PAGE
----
Nicholas David Jordan

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Studies of the molecular and biochemical basis of self-incompatibility (SI) in Papaver rhoeas have revealed much about the signalling pathways triggered in pollen early in this response. The aim of the current investigation was to begin to study downstream events in order to elucidate some of the later cellular responses involved in the SI response and(More)
Transcript profiling was used to look for genes that differ in expression between the SAH hydrolase deficient and hypomethylated hog1-1 mutant and the parental (HOG1) line. This analysis identified a subset of gene transcripts that were up-regulated in hog1-1 plants. The majority of these transcripts were from genes located in the pericentromeric(More)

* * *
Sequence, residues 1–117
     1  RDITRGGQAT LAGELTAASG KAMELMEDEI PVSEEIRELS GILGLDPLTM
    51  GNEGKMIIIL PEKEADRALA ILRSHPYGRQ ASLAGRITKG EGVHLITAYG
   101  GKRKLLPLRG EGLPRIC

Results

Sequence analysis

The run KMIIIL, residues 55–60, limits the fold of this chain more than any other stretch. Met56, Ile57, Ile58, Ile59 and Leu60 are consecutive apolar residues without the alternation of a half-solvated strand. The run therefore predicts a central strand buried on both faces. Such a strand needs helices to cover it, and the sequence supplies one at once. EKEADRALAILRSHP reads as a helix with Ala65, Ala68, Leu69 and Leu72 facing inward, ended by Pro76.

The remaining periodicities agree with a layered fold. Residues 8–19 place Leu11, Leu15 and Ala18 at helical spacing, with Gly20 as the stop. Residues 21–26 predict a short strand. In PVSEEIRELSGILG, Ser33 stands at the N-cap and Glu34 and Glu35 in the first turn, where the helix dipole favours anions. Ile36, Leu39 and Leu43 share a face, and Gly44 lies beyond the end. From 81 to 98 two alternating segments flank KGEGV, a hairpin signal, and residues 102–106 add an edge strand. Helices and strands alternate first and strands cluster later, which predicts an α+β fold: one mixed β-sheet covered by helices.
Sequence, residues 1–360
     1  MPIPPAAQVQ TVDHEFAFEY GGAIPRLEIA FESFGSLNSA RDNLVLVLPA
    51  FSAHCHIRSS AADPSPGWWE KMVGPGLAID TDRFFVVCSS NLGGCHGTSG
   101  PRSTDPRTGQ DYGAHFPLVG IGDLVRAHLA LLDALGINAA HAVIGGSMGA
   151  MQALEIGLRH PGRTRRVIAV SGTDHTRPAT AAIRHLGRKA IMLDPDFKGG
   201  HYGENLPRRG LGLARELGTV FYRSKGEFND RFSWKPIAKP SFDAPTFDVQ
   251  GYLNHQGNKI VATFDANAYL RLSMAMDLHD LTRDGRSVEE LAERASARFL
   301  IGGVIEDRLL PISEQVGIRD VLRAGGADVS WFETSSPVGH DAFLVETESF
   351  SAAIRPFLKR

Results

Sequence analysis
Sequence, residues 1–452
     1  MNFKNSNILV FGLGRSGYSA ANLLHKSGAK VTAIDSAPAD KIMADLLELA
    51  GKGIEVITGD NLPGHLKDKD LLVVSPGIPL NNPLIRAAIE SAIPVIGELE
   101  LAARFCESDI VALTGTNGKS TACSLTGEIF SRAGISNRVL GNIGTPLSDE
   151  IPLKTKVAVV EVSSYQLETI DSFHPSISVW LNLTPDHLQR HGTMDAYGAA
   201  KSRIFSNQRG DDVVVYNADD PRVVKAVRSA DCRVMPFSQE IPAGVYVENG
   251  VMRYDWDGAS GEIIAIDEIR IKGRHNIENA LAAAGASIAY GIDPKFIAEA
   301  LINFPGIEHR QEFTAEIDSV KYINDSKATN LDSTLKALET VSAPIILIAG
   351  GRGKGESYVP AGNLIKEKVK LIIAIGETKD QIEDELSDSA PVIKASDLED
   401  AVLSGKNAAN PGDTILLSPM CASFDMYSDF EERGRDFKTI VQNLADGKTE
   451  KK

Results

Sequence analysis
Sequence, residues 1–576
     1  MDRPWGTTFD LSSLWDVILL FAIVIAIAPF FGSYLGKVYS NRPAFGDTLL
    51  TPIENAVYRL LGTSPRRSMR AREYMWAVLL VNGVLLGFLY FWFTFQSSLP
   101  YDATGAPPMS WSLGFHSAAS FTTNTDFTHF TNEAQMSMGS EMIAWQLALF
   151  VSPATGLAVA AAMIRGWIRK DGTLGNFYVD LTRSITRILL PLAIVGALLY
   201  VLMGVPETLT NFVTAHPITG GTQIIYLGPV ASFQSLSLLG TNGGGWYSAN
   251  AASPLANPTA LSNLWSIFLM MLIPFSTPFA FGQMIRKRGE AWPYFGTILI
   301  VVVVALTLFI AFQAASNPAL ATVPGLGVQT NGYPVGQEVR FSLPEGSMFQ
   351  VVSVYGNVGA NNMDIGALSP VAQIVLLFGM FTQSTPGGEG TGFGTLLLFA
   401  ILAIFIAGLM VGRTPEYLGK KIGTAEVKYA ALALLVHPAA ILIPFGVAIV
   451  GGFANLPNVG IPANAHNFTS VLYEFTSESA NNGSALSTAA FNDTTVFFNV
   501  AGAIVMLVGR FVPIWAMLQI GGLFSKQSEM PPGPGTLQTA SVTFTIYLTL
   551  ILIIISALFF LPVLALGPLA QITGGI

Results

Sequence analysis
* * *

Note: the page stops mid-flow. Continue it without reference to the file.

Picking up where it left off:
The self-incompatibility response involves S allele-specific recognition between stigmatic S proteins and incompatible pollen. This response results in pollen inhibition. Defining the amino acid residues within the stigmatic S proteins that participate in S allele-specific inhibition of incompatible pollen is essential for the elucidation of the molecular(More)
The self-incompatibility response involves S-allele specific recognition between stigmatic S proteins and incompatible pollen, resulting in S-specific pollen inhibition. In Papaver rhoeas, the pollen S gene product is predicted to be a receptor that interacts with the stigmatic S protein in an S specific manner. We recently identified an S protein binding(More)
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